As the sun rose over the Hawekwaberge in Wellington on Monday, a group of six pilgrims set off to walk 300 km over two weeks following the little known back routes to finish in Aurora. The first day was 23 km to Hermon and the next was only 11km to Riebeeck Kasteel.
This is the second step of an ambitious project to connect the current peninsula section to the West Coast town of Elands Bay and then the Oliphants River.
The previous evening, pilgrims, hosts, media and other guests arrived at the historic Oude Wellington wine estate to celebrate and bless the first Cape Camino 1000.
Rewind many years ago when Gabrielle Andrew and her daughter Peggy Andrew-Coetzee did the Spanish Camino de Santiago and decided to create a path in the Cape, for the world to follow. The Cape Peninsula routes were launched in 2015 and have become a popular destination for visitors and locals.
At the launch, Gabrielle says she has found that tourism has changed with visitors wanting a slow experience and not just white linen. “The Cape Camino is hard to beat with amazing scenery, West Coast hospitality and diverse accommodation and food that are geared for it. And the benefits go to the community. The goal is to have 100 000 people on the Cape Camino 1000 bringing R6.5 billion to the area each year,” she says.
On Gabrielle’s Camino she learnt the truth of finding her own pace… and following her own path. “Any pilgrimage is personal. This is no different. What I learned when I did my own was the importance of setting and keeping to your own pace. This is time for you, time to stop pleasing others, it’s time for reflection, prayer, gratitude or learning – or all of them. Even if the route you follow is the same as others, your experiences and outcomes will differ. What is certain is that the walking, and the time and the thinking, will allow space for processing your life in a very unique and changing way,” Gabrielle says.
One of the pilgrims, Jolene Nell, came from Windhoek to do this Camino. She has also done the one in Spain and says for her it’s a solo walk. “For me, it’s an inner journey. If I want to sit under a tree with my feet in the water I will. On this Camino, I feel very spoilt as I know there will be a bed and a shower or bath at the end of the day, unlike the Spanish Camino. I feel very privileged and also to see this area on foot,” she says.
For Gabrielle, it’s also about her passionate commitment to this country’s people, stories, history and future. Each stretch is from 15 to 20 km per day, sometimes in guest houses, other times in homes of community members. Pilgrims can choose from staying with elderly people, for peace and quiet, or families.
For Gabrielle, an important ingredient to a successful Camino is getting buy-in from community members and she encourages them to claim the route, walk it, add to it, make it their own. “There’s an open invitation here to small, local businesses to add their names to our website. If they register on our site, which is free, they can become part of filling out the experience for visitors. All they need to do is offer a value-add to our pilgrims such as a discount, a free cup of coffee or breakfast. Anything that enriches the pilgrims’ experience. We want pilgrims and small businesses to benefit. As much as this is a walking route, it’s also a movement towards peace, unity and sustainability,” Gabrielle says.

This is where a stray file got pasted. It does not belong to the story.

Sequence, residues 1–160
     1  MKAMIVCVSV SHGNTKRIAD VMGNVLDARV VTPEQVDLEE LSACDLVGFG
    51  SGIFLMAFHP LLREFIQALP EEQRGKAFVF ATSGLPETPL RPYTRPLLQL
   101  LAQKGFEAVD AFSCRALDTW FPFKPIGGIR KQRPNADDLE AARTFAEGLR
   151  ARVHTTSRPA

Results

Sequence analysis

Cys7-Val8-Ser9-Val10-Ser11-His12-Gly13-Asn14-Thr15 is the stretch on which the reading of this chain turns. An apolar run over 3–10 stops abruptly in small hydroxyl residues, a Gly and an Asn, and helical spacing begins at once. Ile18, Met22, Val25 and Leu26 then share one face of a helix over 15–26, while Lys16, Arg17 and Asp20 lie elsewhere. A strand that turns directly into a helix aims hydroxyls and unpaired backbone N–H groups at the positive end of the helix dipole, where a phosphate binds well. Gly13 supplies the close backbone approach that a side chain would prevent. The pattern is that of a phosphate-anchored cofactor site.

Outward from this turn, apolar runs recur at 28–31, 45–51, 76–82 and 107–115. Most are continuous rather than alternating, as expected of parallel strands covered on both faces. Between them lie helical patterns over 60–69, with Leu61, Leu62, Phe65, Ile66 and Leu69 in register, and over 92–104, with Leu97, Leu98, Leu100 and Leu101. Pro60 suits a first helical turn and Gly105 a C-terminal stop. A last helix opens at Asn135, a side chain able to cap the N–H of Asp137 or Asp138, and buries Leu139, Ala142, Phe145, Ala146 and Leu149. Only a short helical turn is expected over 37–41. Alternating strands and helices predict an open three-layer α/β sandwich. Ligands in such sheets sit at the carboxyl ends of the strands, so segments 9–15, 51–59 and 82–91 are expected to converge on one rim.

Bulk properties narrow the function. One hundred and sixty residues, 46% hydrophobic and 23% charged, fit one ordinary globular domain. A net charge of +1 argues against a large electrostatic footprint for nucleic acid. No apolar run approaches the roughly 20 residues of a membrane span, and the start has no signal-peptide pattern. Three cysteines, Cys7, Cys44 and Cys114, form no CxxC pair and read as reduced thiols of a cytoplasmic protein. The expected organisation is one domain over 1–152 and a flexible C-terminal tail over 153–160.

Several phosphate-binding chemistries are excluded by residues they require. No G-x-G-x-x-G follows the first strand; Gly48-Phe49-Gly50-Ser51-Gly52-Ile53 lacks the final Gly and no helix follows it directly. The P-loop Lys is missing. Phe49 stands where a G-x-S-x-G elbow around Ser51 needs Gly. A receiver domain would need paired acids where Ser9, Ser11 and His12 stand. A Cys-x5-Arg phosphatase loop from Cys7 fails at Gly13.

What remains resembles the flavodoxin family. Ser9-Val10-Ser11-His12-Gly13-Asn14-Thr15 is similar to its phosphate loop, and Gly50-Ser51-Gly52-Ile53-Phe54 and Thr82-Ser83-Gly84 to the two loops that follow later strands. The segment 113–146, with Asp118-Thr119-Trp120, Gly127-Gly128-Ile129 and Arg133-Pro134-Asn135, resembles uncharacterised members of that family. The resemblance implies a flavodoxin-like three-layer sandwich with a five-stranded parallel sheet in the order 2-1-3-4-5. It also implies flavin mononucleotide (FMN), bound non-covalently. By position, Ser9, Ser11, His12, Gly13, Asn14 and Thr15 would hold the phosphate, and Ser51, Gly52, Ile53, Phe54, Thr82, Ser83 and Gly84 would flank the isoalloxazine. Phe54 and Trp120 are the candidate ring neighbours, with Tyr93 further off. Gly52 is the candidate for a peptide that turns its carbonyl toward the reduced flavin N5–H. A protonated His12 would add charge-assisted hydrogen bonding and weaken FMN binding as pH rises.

Another pilgrim is videographer Sandra Korse of Gardens who says her challenge is to capture the personal journeys of her fellow pilgrims and the areas they walkthrough.
Barnard Zoeller, who celebrated his birthday on the first day, says he was drawn to the spiritual side of the walk. He and fiancée Chantal Lee heard about the Camino de Santiago but preferred to do a long-distance walk in Africa. Chantal says she has no expectations but is looking forward to meeting people and see places she would not ordinarily get to experience. Her personal journey is not to rush. To stop and see the small things, meet people in the communities and to push through the wind and blisters and arrive strong.
For the next Cape Camino 1000 visit capecamino.co.za, or call 084 844 7996.
Karen Watkins started out as a travel writer and photographer supplying articles for numerous newspapers and magazines including Indiwe, Country Life, Go, Good Taste and others. Joined Independent Newspapers Limited in 2007 to work one year with Special Projects writing marketing copy before joining the Constantiaberg Bulletin as a multi-media journalist writing news and taking pictures until May 2019. And now she is writing for West Coast Way